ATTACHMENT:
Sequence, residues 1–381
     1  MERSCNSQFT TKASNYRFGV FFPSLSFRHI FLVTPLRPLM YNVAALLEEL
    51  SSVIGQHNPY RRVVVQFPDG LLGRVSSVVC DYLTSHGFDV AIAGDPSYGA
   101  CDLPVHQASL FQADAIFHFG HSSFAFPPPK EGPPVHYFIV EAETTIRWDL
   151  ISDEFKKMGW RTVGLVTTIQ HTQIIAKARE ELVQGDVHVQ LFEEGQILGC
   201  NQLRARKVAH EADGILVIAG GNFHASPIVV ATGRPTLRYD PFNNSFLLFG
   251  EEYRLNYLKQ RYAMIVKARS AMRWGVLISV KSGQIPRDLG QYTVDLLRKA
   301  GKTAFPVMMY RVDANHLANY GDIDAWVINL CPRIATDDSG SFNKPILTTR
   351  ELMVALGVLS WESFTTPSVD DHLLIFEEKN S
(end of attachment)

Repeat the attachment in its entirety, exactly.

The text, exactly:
Sequence, residues 1–381
     1  MERSCNSQFT TKASNYRFGV FFPSLSFRHI FLVTPLRPLM YNVAALLEEL
    51  SSVIGQHNPY RRVVVQFPDG LLGRVSSVVC DYLTSHGFDV AIAGDPSYGA
   101  CDLPVHQASL FQADAIFHFG HSSFAFPPPK EGPPVHYFIV EAETTIRWDL
   151  ISDEFKKMGW RTVGLVTTIQ HTQIIAKARE ELVQGDVHVQ LFEEGQILGC
   201  NQLRARKVAH EADGILVIAG GNFHASPIVV ATGRPTLRYD PFNNSFLLFG
   251  EEYRLNYLKQ RYAMIVKARS AMRWGVLISV KSGQIPRDLG QYTVDLLRKA
   301  GKTAFPVMMY RVDANHLANY GDIDAWVINL CPRIATDDSG SFNKPILTTR
   351  ELMVALGVLS WESFTTPSVD DHLLIFEEKN S